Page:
We Care Solar has an opportunity to transform Ugandan maternal health care under a new award entitled Saving Lives at Birth: A Grand Challenge for Development. We Care Solar partnered with African Medical Research Foundation (AMREF) Uganda and the White Ribbon Alliance to create an integrative solution for maternal health care in Southwest Uganda, and was selected as one of three recipients of a “transition-to-scale” grant.
Winners were announced in Seattle at the 2012 Development XChange event. The We Care Solar partnership project also won the Peer Choice Award, voted by the innovators themselves.
The international Saving Lives at Birth competition drew more than 500 entries from nearly 60 countries and is a collaboration among five organizations: the US Agency for International Development (USAID), the Bill & Melinda Gates Foundation, Grand Challenges Canada, the Government of Norway, and the Department for International Development (DFID) in the United Kingdom. The World Bank is an affiliate partner.
Solar Suitcase As a Power Hub
The We Care Solar, AMREF Uganda, and White Ribbon Alliance project, entitled Saving mothers and babies with reliable solar power, will bring Solar Suitcases to 200 health centers in Southwest Uganda. The suitcase will serve as a hub to power light for medical care at night, a fetal Doppler to detect fetal well-being, phone charging to enhance patient referrals, and a computer for data management and continuing education.
The Saving Lives at Birth Grand Challenge set out to find innovations that could have a dramatic impact on reducing maternal mortality. “We are accustomed to advances in computers and cell phones that leapfrog existing solutions,” stated Saving Lives at Birth on its website. “The Saving Lives at Birth Challenge is about nurturing that same energy and innovation to the challenge of protecting mothers and newborns in the poorest places on earth during their most vulnerable hours.”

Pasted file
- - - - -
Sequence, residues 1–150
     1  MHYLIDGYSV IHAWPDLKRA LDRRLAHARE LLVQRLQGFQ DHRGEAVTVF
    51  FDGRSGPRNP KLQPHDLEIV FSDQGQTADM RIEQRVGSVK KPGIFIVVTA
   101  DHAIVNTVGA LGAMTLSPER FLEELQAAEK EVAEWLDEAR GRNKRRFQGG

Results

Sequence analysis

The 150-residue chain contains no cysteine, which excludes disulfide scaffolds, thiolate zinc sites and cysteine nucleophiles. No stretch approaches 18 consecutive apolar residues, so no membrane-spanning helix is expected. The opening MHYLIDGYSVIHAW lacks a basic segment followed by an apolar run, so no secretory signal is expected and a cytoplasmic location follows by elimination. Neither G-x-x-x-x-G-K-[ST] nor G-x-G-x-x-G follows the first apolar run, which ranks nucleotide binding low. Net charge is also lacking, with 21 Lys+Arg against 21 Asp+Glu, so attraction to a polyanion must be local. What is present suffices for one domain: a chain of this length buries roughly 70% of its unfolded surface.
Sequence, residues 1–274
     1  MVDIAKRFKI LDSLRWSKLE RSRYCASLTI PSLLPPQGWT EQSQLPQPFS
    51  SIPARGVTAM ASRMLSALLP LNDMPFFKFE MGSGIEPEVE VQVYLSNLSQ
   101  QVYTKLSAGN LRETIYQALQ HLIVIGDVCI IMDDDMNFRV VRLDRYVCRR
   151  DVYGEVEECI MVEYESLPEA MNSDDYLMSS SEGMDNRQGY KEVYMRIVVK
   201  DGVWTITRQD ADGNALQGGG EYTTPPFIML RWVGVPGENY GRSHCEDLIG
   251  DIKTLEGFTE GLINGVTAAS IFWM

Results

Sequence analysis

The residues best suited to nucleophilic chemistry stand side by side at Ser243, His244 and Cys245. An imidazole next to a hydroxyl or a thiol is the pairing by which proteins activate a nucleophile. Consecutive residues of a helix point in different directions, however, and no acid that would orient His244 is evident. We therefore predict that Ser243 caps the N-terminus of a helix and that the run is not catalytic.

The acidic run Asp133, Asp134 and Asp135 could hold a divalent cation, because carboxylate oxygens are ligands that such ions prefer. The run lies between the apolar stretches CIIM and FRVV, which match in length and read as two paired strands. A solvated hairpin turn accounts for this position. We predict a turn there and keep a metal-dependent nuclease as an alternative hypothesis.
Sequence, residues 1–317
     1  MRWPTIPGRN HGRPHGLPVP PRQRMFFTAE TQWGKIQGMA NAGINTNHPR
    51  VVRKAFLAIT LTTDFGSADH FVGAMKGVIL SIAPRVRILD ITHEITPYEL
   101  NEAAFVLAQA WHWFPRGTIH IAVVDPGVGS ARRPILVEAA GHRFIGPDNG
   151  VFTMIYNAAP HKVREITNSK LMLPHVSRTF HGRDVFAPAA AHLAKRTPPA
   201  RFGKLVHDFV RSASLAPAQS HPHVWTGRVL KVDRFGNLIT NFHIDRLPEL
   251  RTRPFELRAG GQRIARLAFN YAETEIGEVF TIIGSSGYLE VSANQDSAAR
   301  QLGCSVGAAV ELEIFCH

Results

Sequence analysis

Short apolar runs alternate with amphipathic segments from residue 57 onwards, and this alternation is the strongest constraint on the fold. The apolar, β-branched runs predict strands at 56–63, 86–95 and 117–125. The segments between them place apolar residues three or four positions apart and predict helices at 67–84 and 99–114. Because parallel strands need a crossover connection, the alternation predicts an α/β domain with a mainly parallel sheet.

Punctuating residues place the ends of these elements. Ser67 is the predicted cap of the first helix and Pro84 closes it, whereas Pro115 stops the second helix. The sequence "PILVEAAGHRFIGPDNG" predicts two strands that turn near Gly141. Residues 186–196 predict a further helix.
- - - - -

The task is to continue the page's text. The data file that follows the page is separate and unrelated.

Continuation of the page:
Leapfrogging Conventional Approaches
In particular, the challenge asked for innovations addressing three main domains: (1) technology; (2) service delivery; and (3) ‘demand side’ innovation….”
The Saving mothers and babies with reliable solar power project meets all three aspects of the challenge. It includes a technological innovation – the Solar Suitcase integrated platform – to enable better service delivery, as well as community based education and advocacy to increase demand for skilled care.
In addition to funding, the Saving Lives at Birth grant winners will receive “support and networking assistance from each of the [funding] partners, engage with other innovators, and participate in high-level meetings including the Gates Foundation’s annual Grand Challenges in Global Health meeting,” according to the Grand Challenges in Global Health website.
The intent of the transition-to-scale funds, the funders state, is “to develop, refine, and rigorously test the impact of integrated solutions that have previously measured promising health outcomes in a controlled or limited setting and have the potential to credibly scale to improve the lives of millions of pregnant women and newborns in multiple countries.”
At the 2012 Development XChange event, We Care Solar Co-Founder Laura Stachel presented the proposal to technical reviewers and met with other finalists during two days of workshops. We Care Solar’s Ilinisa Hendrickson and Carol Weis (pictured in the photo, from left to right) were on hand to demonstrate the suitcase and to receive the award.